Happy Friday – Share your Weekend Plans!

It's Friday! The Art of Love & Money

Hey, there!

Have you made a summer must-do list?

By now, you know I am into list making.  My husband and I created a summer must-do list on our last date night.

Do you have date night?  It’s another must.

We missed out on this for many, many years – and we can still get bad at this if we are not careful so – don’t be like us – have a set date night and protect it with your life.

We like to do Thursday evening.  It’s not as busy as the weekend with weddings and birthday parties, etc and it’s just over hump day so there has been plenty of week to get shit done, and we’re ready to have some fun, already!

Last week we took our dog to the park with us to play frisbee golf.  It was a gorgeous night and we forgot her leash – so she was off leash and chased our discs every. single. throw.

This was hilarious for two reasons. One, she will not retrieve a frisbee to save her life. Two.  Every disc was moved from the original landing point until we hollared Leave It – which we had to do every.single.time and then all of the disks – full of slober.

Thanks, girl.

We also made our summer-to-do list while eating dinner that night – which included kayaking on the Snake River in Indiana where my husband’s brother and his family live and attending a local performance of Shakespeare in the park, with my dog and a bottle of wine, among other good, summery, sunshiny things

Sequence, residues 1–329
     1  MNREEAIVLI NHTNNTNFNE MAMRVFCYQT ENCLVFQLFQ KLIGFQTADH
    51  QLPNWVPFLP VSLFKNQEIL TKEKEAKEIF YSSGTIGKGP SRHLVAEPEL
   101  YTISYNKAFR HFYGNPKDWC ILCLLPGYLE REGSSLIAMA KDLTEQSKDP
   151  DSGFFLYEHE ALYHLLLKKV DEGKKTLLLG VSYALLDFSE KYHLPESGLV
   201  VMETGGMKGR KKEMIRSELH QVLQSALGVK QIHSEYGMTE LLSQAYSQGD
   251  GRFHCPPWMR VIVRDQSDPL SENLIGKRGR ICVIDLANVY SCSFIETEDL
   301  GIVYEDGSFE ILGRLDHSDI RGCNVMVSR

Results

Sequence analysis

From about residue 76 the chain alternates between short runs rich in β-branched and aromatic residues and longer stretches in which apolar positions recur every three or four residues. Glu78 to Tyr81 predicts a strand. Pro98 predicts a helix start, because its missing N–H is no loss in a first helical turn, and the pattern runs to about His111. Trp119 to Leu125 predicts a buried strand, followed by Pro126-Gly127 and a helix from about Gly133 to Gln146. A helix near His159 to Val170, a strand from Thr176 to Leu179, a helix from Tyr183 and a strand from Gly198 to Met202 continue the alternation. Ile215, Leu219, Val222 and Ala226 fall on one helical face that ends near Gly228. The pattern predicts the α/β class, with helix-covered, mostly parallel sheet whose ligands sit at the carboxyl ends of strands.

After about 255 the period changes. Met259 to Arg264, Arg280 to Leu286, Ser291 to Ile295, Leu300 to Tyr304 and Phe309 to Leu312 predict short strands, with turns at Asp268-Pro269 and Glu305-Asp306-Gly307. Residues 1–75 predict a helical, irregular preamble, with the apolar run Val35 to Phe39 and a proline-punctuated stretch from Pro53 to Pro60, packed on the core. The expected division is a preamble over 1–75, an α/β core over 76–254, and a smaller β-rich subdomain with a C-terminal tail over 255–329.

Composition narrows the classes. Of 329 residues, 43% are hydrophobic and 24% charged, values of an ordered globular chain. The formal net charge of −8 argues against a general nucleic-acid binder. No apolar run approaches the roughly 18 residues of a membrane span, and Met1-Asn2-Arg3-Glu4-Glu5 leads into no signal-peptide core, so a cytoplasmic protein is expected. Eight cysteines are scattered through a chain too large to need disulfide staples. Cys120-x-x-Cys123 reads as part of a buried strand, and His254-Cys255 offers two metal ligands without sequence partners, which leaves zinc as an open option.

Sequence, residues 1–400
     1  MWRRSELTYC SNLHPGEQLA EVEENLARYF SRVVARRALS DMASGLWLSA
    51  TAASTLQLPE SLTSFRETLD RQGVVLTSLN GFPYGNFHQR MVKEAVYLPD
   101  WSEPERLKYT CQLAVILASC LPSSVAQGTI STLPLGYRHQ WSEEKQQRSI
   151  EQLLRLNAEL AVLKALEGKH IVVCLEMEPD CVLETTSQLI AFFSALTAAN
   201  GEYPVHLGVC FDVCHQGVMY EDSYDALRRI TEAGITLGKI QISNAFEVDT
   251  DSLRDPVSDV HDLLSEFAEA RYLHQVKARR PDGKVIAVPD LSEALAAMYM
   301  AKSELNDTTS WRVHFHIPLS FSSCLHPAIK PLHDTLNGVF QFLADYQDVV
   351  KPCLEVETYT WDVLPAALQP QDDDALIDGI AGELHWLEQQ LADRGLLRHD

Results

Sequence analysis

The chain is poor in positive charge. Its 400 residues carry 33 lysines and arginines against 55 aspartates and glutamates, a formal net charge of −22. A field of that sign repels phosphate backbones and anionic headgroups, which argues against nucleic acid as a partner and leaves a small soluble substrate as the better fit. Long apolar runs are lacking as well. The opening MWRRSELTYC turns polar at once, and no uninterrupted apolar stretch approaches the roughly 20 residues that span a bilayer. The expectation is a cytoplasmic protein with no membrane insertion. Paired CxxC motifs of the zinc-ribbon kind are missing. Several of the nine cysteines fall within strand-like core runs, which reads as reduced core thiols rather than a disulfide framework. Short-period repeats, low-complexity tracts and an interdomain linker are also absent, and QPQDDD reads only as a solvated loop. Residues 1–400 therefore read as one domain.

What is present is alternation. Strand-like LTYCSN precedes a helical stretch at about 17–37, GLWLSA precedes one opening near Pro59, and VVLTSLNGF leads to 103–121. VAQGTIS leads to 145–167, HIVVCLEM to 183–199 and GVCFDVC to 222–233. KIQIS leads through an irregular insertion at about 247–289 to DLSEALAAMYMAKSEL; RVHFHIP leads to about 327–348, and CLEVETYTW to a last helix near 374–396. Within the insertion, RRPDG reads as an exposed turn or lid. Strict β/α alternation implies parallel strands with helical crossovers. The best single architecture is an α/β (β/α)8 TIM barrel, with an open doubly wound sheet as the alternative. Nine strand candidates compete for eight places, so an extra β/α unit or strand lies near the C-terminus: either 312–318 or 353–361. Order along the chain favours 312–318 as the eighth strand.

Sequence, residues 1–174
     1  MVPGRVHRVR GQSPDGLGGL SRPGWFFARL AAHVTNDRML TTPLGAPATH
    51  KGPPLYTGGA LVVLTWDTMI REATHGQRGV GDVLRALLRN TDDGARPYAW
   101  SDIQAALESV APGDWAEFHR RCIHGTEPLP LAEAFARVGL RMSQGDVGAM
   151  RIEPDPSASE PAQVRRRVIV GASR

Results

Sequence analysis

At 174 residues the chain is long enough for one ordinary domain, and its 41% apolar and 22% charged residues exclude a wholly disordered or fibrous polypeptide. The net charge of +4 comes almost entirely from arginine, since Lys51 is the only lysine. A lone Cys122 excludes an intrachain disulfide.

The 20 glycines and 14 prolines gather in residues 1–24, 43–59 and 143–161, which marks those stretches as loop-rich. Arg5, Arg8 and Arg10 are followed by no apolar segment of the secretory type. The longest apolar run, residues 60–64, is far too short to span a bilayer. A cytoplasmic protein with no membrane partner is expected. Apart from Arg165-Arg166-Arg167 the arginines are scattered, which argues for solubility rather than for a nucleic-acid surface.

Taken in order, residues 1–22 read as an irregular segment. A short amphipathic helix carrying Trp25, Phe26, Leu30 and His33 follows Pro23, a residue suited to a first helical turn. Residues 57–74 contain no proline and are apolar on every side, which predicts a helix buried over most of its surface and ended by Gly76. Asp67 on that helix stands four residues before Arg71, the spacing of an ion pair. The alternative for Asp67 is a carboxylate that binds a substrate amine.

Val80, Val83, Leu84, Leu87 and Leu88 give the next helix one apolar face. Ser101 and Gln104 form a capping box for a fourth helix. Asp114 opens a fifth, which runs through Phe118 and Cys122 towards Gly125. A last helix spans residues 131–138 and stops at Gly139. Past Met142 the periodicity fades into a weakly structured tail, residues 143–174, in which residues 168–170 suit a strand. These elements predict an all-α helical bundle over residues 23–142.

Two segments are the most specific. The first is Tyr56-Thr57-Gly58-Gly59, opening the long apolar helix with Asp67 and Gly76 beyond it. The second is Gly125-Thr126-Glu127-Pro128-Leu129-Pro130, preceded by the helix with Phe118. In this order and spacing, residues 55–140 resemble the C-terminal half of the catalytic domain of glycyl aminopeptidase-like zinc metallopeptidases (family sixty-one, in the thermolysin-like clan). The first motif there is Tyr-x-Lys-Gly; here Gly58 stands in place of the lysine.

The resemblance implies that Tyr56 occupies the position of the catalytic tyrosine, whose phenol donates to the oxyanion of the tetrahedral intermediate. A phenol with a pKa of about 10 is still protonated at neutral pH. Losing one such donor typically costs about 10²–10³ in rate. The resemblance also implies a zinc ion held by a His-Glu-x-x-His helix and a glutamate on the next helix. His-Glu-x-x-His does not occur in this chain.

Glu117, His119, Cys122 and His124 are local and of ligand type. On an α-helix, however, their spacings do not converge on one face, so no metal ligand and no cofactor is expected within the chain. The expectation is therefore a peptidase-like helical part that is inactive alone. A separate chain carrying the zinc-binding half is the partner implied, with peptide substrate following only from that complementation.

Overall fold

What is on your Summer Must-Do list? Let me know with a comment below.

What are your weekend plans?  Comment below.

ACTIONABLE STEPS: Set a date night. Make a Summer Must-Do list. Leave a comment.

 

Project your minimum Debt Pay-off Date

Project your minimum Debt Pay-off Date The Art of Love & Money

First thing is first, stop taking on new debt.

Stop using credit cards and store credit offers, no money down for 0% interest.

List all the debts with their payment plans and determine how long it will take to pay off the debts at the minimum payment schedule.

Picture yourself in that year, that age, that stage of life.  Is that what you want your paycheck going to at that time in your life?